Ancient ruins and mezze in Larnaca
Everywhere in Cyprus has ancient roots and bears the marks of the earliest civilizations and empires that swept through what is, after all, the third largest island in the Mediterranean.
Within the city limits of Larnaca, you can see the surprising ruins of Kition, an ancient city-kingdom with temple remains dating from the 13th century BC, a Byzantine seaside castle with Ottoman inscriptions and the legendary ( and beautiful) Church of Saint Lazarus.
Many restaurants and cafes await you opposite Finikoudes, a promenade lined with palm trees that straddles the sea.
For Lebanese cuisine, Maqam Al-Sultan is a must (it’s quite atmospheric, but they also do take out) and the seafood mezze, or small plates, shine in airy taverns like Militzis, Monte Carlo and Pyxida Seafront.
Visit the amphitheater that adorned Cyprus banknotes
Limassol is the sophisticated port city of Cyprus flanked by archaeological treasures: to the east are the windswept ruins of Amathus, one of the island’s 10 original royal cities, while to the west, you’ll find Kourion with its ancient amphitheater perched above the sea – a Cypriot sight so iconic it featured on the reverse side of the Cypriot five pound note before the euro was adopted in 2008.
In Limassol itself, there is no shortage of fun activities, from the old town with its medieval castle and graceful British colonial buildings to basking in the sun around the long seaside promenade or the elegant Limassol marina.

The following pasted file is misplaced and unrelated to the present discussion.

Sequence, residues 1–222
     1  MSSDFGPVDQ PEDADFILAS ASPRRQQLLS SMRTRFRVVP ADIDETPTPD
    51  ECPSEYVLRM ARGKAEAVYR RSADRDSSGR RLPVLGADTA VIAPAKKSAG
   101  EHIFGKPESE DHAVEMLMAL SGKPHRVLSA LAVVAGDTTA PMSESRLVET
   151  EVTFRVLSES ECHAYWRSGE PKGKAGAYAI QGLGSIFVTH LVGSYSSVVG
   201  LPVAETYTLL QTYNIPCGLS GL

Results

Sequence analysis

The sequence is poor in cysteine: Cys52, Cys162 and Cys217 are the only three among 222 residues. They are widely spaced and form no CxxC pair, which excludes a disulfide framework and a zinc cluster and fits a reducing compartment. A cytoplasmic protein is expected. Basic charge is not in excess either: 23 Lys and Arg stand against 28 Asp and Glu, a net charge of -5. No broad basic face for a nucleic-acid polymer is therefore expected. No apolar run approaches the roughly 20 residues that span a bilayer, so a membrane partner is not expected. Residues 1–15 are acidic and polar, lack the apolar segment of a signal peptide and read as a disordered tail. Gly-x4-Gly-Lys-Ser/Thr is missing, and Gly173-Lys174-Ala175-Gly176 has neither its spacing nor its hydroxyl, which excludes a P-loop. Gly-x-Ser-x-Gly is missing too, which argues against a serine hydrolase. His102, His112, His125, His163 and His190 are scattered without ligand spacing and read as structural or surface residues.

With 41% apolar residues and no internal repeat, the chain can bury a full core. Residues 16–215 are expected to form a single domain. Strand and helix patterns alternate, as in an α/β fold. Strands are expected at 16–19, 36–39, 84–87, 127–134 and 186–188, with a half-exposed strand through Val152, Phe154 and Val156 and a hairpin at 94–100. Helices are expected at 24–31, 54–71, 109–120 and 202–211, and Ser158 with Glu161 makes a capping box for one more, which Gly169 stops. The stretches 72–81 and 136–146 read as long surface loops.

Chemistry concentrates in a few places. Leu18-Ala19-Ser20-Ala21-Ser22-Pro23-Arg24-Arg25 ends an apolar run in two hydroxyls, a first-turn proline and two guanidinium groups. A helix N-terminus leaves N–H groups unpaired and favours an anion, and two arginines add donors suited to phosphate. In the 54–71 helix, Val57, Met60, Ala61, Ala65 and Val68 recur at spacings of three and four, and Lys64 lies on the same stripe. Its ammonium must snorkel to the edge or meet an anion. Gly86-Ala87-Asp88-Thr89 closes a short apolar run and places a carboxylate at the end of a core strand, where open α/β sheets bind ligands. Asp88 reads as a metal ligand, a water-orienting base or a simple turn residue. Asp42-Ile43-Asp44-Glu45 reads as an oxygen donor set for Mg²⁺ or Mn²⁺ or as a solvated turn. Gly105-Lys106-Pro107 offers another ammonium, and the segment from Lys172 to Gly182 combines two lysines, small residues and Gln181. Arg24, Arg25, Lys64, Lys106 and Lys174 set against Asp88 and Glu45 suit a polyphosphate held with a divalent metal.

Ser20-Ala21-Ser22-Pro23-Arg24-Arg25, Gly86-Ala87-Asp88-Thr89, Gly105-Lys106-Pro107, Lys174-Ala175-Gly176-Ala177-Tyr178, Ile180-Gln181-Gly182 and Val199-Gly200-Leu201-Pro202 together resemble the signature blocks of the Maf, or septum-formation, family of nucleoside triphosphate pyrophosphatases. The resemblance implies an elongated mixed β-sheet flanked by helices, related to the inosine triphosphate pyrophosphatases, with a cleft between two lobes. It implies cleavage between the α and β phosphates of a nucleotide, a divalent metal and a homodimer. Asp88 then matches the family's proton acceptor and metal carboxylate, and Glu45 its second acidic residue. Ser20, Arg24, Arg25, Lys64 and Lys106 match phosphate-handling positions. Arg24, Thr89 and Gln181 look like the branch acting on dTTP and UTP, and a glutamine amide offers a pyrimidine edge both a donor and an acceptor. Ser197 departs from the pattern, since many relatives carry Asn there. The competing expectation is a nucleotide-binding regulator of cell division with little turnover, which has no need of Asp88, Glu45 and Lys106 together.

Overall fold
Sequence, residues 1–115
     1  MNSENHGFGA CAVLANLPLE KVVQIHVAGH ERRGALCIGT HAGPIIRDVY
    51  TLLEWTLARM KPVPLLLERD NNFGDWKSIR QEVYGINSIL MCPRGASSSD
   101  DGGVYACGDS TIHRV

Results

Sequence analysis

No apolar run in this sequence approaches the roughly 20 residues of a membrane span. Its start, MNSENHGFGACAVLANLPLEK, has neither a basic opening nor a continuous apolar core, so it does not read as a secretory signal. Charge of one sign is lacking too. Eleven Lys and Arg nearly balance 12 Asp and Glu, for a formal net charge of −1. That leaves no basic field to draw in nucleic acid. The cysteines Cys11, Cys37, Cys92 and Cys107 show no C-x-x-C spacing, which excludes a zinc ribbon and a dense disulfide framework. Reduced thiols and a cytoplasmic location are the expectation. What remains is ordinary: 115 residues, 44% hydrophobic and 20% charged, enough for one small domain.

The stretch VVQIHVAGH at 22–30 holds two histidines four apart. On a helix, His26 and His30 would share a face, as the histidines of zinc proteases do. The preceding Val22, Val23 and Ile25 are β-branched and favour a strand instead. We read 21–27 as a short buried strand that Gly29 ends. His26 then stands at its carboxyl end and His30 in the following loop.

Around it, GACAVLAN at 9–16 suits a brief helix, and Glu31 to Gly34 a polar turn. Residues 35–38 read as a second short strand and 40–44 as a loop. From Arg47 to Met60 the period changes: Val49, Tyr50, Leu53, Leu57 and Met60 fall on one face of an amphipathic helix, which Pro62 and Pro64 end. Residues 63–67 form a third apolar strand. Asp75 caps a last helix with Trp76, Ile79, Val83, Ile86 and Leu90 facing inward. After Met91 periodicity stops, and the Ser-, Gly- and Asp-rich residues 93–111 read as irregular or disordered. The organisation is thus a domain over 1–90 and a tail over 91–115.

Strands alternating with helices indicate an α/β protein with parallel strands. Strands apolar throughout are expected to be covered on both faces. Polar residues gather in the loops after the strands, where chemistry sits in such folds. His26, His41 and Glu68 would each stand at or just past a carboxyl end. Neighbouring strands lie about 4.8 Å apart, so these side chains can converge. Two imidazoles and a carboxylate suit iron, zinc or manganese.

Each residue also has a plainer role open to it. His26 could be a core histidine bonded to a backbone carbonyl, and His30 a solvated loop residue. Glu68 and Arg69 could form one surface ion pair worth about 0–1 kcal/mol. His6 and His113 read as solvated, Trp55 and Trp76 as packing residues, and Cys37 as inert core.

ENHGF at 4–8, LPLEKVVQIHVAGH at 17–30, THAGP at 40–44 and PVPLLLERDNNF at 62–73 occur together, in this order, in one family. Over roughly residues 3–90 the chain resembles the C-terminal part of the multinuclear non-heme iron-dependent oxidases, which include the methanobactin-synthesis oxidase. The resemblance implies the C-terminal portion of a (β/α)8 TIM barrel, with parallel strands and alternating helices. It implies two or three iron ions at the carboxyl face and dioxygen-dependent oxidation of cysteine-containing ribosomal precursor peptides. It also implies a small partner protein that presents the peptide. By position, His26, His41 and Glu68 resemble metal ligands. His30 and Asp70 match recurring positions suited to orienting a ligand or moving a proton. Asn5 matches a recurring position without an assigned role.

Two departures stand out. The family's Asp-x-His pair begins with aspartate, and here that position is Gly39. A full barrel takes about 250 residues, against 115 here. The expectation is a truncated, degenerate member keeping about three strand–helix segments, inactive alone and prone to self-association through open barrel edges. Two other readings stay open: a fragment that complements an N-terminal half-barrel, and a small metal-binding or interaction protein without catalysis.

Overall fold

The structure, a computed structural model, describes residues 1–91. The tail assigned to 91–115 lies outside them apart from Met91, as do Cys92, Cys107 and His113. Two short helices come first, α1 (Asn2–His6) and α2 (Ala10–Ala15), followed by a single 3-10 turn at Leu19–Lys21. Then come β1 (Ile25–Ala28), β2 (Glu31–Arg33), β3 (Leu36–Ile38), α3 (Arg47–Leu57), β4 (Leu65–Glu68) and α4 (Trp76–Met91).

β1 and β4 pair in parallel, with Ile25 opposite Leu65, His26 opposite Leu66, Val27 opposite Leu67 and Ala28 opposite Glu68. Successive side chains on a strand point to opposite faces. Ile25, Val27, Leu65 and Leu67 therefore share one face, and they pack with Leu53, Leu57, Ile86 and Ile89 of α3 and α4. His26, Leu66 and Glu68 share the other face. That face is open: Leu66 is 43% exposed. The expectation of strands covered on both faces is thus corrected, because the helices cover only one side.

One of our favorite restaurants is the Karatello Tavern, next to the Carob mill museum and renowned for its contemporary Greco-Cypriot cuisine.
Holidaymakers of a certain age – and by that I mean the millennial crowd and the younger ones – may equate Cyprus with devilish pampering stays at one of the many resorts around Ayia Napa on the coast. South East.
The beaches are indeed superb, but the tourist season will take longer to navigate because the classic beach escape is more prepared for summer than for spring. As we run head first into the summer, we just hope the beaches are ready.
Luxury Hotels & Aphrodite’s Rock in Paphos
My advice as a seasoned Cyprus enthusiast? Roll a 180 and, once you’ve had a serving of Larnaca and Limassol (each of which is downright more fun than the landlocked capital of Nicosia), head to Pafos (or Paphos, as it’s sometimes called).
Along the way, you will pass the spectacular Petra tou Romiou, the rock of Aphrodite where the myth is that the goddess failed several moons ago.
Supposedly, Aphrodite seduced a young Adonis on the way to this rock, which today is one of the last truly rugged parts of the island.
Pafos is not tiny but it is also very relaxed, packing in a stunning array of ancient sites, including magnificent ancient Roman mosaics and ancient royal rock-hewn tombs, as well as a wonderfully waterfront area. relaxed and many stormy hotels.
Pafos is divided into sections. Kato Pafos, or the lower town, and Pano Pafos, the upper town. Archaeological goodies can be found below, but equally charming Pano Pafos is where locals tend to hang out.
Then there is the stunning countryside beyond, which erupted in mid-March into a sea of almond trees and fragrant wild flowers in bloom. Who couldn’t use some of that now?